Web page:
University of Canberra Vice-Chancellor Stephen Parker has delivered a scathing attacking on Universities Australia over its support of the Coalition’s plan to deregulate the higher education sector, comparing the peak body to necrotizing fasciitis, a condition commonly known as “the flesh-eating bacteria”.
Speaking at a rally held in the University of Sydney’s iconic quadrangle, the visiting VC lashed out at fellow university leaders for failing to defend the interests of their students, saying he would not attend any further Universities Australia meetings until the organisation dropped its support of Christopher Pyne’s higher education deregulation legislation.
“[Universities Australia] is doomed because it has lost its moral compass. I personally will not attend a further meeting of an organisation with necrotizing fasciitis, the condition whereby the body eats its own flesh,” Parker told the rally, which attracted around 80 students, staff, and opponents of deregulation.
Parker told the crowd that Pyne’s reforms were “unfair to students and poorly designed policy” and reiterated warnings that they would open the door to full privatisation of public universities, ultimately undermining Universities Australia itself.
“I find myself the only vice-chancellor to say publicly what at least a few of us believe. I’ve tried to understand the perspective of other vice-chancellors… but nothing justifies the position that they and [Universities Australia] have taken,” he said.
“These reforms are unfair to students, the constituency to which I have devoted 35-years of my working life. They have to lead to significant increases in student debt because this is part of the government’s case for them.”
Asked after his remarks to expand on which other vice-chancellors had privately argued against the reforms, Parker declined to name names, but insisted he was not alone in his concerns.
Education Minister Christopher Pyne has drawn heavily on the support of vice-chancellors in arguing for his higher education package. While generally supportive, many have expressed concern about various elements of the changes, including a 20 per cent cut to course funding, effective increase to the rate of student debt repayments, and the extension of funding to private ‘for profit’ higher education providers.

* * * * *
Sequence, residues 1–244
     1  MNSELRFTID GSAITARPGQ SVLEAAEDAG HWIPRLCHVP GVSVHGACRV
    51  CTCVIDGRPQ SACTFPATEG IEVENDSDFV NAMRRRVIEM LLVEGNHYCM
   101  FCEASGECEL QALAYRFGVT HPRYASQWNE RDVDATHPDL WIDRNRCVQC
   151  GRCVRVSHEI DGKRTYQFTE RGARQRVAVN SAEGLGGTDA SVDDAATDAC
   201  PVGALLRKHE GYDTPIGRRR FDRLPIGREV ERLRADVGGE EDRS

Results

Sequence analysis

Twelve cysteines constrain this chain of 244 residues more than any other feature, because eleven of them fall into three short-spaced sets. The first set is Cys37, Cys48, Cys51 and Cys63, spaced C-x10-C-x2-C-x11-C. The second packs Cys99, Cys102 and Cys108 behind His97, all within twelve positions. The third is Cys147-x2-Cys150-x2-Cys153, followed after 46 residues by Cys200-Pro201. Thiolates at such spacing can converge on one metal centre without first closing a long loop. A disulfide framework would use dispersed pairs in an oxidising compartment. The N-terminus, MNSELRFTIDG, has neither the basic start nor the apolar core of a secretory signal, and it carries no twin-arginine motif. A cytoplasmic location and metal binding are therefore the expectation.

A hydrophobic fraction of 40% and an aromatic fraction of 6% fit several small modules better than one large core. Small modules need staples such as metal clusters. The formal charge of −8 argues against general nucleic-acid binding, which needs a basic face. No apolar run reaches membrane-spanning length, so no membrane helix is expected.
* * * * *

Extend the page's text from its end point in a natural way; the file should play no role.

Pyne is now lobbying crossbenchers intensely to get the legislation passed by Christmas and has backed away from his attempts to tie debt repayments to the bond rate, likely increasing them.
But groups like National Alliance for Public Universities (NAPU), which organised today’s rally at the University of Sydney, say the package is fundamentally flawed and that its safety net will not prevent poorer Australians losing out.
Parker rejected Pyne’s insistence that a scholarship scheme to be legislated as part of the package would ensure equitable access to universities, even if prices were to significantly rise once caps were removed.
The scheme would force larger higher education providers to contribute 20 per cent of extra revenue raised after the removal of price caps towards a Commonwealth Scholarship Scheme.
Opponents say this will mean middle and lower income students are punished, pointing out the funds for the scheme will come from students, not the government.
“Why should the second poorest quartile of students subsidise the lowest quartile,” Parker said.
The scheme has also been criticised for exemptions to smaller providers which will allow the majority of ‘for profit’ providers – set to benefit handsomely from the reforms – to be exempt from providing scholarship funding, regardless of how much their profits increase.
The $800 million Pyne has opened up to ‘for profit’ providers is likely to face scrutiny from the Senate, which last week voted in favour of establishing an inquiry into private VET providers, set to begin in February next year.
While focusing on the vocational sector, the Greens and Labor have argued the inquiry will have relevance for the higher education sector.
Despite the criticisms of those such as Parker, Universities Australia is standing by the principle of deregulation, calling on crossbenchers to cut large chunks out of Pyne’s plan but allow universities to set their own fees.
“This is where you, the Senators of Australia, have the chance to make a difference, a chance to champion a new higher education package that is fair for all: fair for students, families and taxpayers,” the organisation said in an open letter to Senators.
It’s a position unlikely to win them much love at the University of Canberra, or with students around the country facing higher fees.
“This will blight the lives of a generation unless Australia comes to its senses,” Parker said.
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